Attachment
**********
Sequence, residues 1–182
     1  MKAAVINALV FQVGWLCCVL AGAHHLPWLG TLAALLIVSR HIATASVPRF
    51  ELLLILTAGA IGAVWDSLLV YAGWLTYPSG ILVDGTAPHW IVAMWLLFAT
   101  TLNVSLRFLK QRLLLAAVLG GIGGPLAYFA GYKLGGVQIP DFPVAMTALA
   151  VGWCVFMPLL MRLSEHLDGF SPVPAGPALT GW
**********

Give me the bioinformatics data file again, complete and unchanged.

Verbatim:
Sequence, residues 1–182
     1  MKAAVINALV FQVGWLCCVL AGAHHLPWLG TLAALLIVSR HIATASVPRF
    51  ELLLILTAGA IGAVWDSLLV YAGWLTYPSG ILVDGTAPHW IVAMWLLFAT
   101  TLNVSLRFLK QRLLLAAVLG GIGGPLAYFA GYKLGGVQIP DFPVAMTALA
   151  VGWCVFMPLL MRLSEHLDGF SPVPAGPALT GW